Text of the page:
Diaceutics plc fears recruitment of talent may be hit by Brexit
A Northern Ireland pharma analytics company has said it fears Brexit could hamper its ability to attract talent in the future.
Diaceutics plc, which has premises in Belfast, Dundalk and other locations around the world, yesterday reported a loss of £2m for the first half of 2019. That was up from a first-half loss of £1.4m in 2018.
But revenues at the firm, which listed on the Alternative Investment Market (AIM) earlier this year, were up 34% to £4.4m.
The company said the losses followed costs of £1.4m related to its initial public offering. It also repaid £3.3m in loan and bank facilities.
Staff numbers also grew from 57 to 89 at the business, which advises pharma companies on their medical testing so that they can deliver more personalised medicine.
But the firm said it was concerned that Brexit may hamper its ability to attract well-qualified people from overseas locations to its laboratory and data analytics roles.
Chief executive Peter Keeling said the £2m loss did not come as a disappointment to the company.
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He said: "When you go through an initial public offering there's always the spectre that you take your eye of the rest of the organisation, but that has not happened here. We have had a strong first half allowing us to be well on track for the full year.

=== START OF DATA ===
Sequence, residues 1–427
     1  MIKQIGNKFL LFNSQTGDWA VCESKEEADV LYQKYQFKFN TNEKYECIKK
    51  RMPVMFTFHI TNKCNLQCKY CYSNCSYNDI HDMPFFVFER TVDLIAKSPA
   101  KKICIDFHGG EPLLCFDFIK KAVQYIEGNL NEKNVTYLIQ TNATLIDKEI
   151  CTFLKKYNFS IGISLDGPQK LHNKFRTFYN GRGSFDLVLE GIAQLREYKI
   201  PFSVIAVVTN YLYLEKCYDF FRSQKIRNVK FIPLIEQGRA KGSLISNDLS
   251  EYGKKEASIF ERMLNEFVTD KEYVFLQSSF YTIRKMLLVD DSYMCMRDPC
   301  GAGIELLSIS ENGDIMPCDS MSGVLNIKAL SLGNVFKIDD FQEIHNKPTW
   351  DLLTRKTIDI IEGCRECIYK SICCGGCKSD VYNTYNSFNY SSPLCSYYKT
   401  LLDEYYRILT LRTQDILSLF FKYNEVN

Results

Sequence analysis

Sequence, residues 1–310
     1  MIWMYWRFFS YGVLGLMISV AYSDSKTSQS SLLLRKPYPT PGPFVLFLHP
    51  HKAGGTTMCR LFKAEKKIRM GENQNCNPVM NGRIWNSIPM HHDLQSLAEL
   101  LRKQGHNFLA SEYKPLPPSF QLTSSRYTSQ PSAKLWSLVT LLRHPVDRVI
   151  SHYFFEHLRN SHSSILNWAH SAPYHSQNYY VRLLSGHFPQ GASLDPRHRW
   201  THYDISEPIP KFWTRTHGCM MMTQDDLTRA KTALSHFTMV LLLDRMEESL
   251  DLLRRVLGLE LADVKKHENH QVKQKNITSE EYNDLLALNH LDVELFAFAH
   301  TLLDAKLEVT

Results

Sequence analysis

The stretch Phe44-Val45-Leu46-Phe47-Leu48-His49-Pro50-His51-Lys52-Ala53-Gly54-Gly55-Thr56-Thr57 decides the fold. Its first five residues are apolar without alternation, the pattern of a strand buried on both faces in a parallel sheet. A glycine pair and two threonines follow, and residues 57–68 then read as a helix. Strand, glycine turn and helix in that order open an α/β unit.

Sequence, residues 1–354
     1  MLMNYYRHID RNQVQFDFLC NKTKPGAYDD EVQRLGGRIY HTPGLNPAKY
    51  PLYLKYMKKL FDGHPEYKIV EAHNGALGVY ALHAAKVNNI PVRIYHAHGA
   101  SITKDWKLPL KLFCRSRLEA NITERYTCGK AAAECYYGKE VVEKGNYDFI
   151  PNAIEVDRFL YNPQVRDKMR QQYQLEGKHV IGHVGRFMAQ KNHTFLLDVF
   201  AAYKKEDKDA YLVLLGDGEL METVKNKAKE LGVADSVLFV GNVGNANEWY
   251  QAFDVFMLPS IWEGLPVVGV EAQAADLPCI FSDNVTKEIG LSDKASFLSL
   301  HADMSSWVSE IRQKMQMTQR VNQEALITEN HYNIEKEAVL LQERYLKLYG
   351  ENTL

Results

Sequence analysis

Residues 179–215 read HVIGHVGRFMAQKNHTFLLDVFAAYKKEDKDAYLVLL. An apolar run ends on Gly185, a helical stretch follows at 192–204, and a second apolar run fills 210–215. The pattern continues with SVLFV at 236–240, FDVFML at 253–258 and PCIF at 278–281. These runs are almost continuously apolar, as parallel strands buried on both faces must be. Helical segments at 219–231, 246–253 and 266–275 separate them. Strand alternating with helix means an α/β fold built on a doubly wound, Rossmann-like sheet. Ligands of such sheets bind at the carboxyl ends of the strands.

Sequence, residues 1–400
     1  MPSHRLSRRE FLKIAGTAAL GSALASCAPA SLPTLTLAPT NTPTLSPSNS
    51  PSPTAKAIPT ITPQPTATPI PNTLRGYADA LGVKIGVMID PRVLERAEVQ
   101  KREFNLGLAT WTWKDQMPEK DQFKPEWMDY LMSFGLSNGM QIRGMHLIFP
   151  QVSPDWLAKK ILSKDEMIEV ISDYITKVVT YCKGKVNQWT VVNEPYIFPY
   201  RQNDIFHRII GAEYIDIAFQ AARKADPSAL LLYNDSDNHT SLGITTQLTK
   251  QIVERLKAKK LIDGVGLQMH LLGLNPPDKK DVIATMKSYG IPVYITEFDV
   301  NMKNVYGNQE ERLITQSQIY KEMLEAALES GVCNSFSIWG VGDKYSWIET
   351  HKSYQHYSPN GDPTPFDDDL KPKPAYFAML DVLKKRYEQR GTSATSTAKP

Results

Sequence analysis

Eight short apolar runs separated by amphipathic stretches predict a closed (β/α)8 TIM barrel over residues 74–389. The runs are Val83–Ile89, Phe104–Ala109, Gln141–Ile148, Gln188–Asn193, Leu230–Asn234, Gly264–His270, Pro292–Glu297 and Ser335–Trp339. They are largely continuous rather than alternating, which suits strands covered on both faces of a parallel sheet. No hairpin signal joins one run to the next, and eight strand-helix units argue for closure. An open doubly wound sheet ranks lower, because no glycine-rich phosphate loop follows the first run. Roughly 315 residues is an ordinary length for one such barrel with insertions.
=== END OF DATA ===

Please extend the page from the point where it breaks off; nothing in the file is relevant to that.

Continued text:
"We have paid down our debts and invested in data and, although it's only been a short time since we had our IPO, we've continued to invest in the core fundamentals."
Philip White, the company's chief financial officer, said the company had grown its client numbers by 38% to reach 30 including many household-name pharma firms. According to IPO documents, clients include giants Novartis, AztraZeneca and Pfizer.
Mr White said: "We have expanded our footprint now to 87 people in 18 different countries. In Northern Ireland in our head office at the moment there are 35 though we expect to hire another 12 on the island, with the majority probably in data analytics."
He said he did not expect Brexit to hit the firm's sales, with a large percentage of revenue in dollars.
"Where we will see a long-term impact will be if there are fewer talented people coming to the UK as a result. That is a more long-term and slower pain," he added.
Mr Keeling said he expected full year results to show a positive profit, with the firm expected to make 70% of its profitability in the second half. He added the IPO process had been "really good" for its Belfast operation and for boosting overall recognition.